It’s our responsibility to hire people who aren’t afraid to have differences of opinions, but at the same time when we make a decision, to walk out of that room and all be aligned,” Roseman said. “We have a lot of trust in each other and the reason for that is because we’ve had success on the field, and when you have success on the field people feel more confident in the process and the way you do things. It’s fun. Put a camera in these debates and discussions, it would be fun to watch one day.

This week, the Douglas-Roseman front office will draft together for the third time. It’s an important draft, with the Eagles holding three of the first 57 picks for the first time in 25 years.

There will be disagreements, there will be arguments, there might even be some shouting. 

But in the end, it should lead to the Eagles drafting some pretty good players.

“There’s mutual respect,” Douglas said. “Because everyone’s done the work, everyone’s put their time in, everyone’s been able to check their ego at the door and just come to the best solution for the Philadelphia Eagles.”

Click here to download the MyTeams App by NBC Sports! Receive comprehensive coverage of your teams and stream the Flyers, Sixers and Phillies games easily on your device.

More on the Eagles

Way too soon to write off forgotten Eagles running back Josh Adams

Way too soon to write off forgotten Eagles running back Josh Adams

Every conversation we’ve had about Josh Adams this offseason, every podcast, every roster projection, every Twitter discussion, has come to the same conclusion.

“Oh, he's not going to make the team.”

It’s an understandable opinion.

The Eagles’ backfield is crowded. Corey Clement is back, Miles Sanders and Jordan Howard have been added, Boston Scott had an impressive summer. Wendell Smallwood always seems to find a way to stick around. One-time fourth-round pick Donnel Pumphrey is still here.

And Adams? Because his production dropped late in the season and then he was the forgotten man in the postseason, playing just one combined snap against the Bears and Saints, we’ve all just kind of assumed he’s gone.

And maybe he is.

But let’s take a minute to take a fresh look at Adams.

There was a stretch in the middle of last season when he was actually one of the more productive running backs in the league.

From Week 7 through Week 14, a span of seven games, Adams averaged 5.1 yards per carry, seventh-best among all running backs in the league who had at least 75 carries during that stretch.

Look at this stretch from the Jaguars game in London through the overtime loss to the Cowboys in Dallas:

9-for-61, 6.8 at Jaguars
7-for-47, 6.7 vs. Cowboys
7-for-53, 7.6 at Saints
22-for-84, 3.8, vs. Giants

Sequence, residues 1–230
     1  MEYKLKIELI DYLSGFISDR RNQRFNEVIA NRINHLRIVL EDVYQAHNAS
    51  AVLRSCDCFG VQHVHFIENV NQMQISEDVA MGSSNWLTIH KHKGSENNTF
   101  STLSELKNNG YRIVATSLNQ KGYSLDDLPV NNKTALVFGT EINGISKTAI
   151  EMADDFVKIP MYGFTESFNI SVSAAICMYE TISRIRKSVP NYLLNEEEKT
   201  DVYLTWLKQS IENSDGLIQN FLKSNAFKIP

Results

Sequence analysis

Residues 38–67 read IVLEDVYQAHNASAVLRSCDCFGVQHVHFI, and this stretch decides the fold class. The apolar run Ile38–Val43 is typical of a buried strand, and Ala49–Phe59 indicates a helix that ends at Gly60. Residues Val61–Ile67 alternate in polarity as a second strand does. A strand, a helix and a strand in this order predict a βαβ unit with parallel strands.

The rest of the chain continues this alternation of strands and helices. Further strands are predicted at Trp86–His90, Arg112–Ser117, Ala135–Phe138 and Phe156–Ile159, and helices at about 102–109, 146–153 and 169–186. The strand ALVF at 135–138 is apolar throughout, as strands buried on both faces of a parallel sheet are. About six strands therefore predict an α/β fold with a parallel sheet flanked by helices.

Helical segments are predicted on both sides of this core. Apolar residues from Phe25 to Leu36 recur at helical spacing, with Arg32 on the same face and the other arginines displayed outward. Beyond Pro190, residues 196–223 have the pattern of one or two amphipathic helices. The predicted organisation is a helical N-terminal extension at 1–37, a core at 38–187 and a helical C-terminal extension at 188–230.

20-for-85, 4.3 vs. Redskins
7-for-36, 5.1 at Cowboys

That’s solid, consistent production, especially for an undrafted rookie who began the year on the practice squad.

Here’s one thing I really liked about Adams: He was always good for at least one long run per game. During the seven-week stretch from the Jaguars game through the first Redskins game, he ripped off six runs of 18 yards or longer, and during that period, only Saquon Barkley (8) and Joe Mixon (7) had more in the entire NFL.

Now at some point late in the season, Adams hurt his shoulder seriously enough that he needed post-season surgery to repair a torn labrum.

It’s not clear when Adams got hurt, but he kept playing, and the injury would certainly help explain the late-season drop in production.

Adams averaged just 2.7 yards per carry the last three weeks of the regular season and then got that one postseason snap, a two-yard carry against the Bears.

But when evaluating Adams and his possible future as an Eagle, we have to take the injury into consideration.

Adams did enough during that two-month stretch in the middle of the season to at least warrant an honest look this summer.

Even starting the season on the practice squad, getting just 11 carries the first seven weeks of the season and then getting hurt, Adams still led the Eagles in rushing and became the 20th undrafted rookie in NFL history to rush for at least 500 yards, three or more TDs and an average of 4.3 yards per-carry or higher.

When you step back and look at his season, he was pretty darn good in all but the two December games against the Rams, the NFC champs, and the Texans, who had the No. 3 rush defense in the NFL.

Obviously, Sanders and Howard project to be the heart of the running attack. A healthy Clement can catch, run, block and play special teams. Smallwood and Scott can both run, catch and return.

Adams is limited. He isn’t a polished receiver — he caught just seven passes last year — and he plays very little on special teams — just 48 snaps as a rookie, only two in the last six games.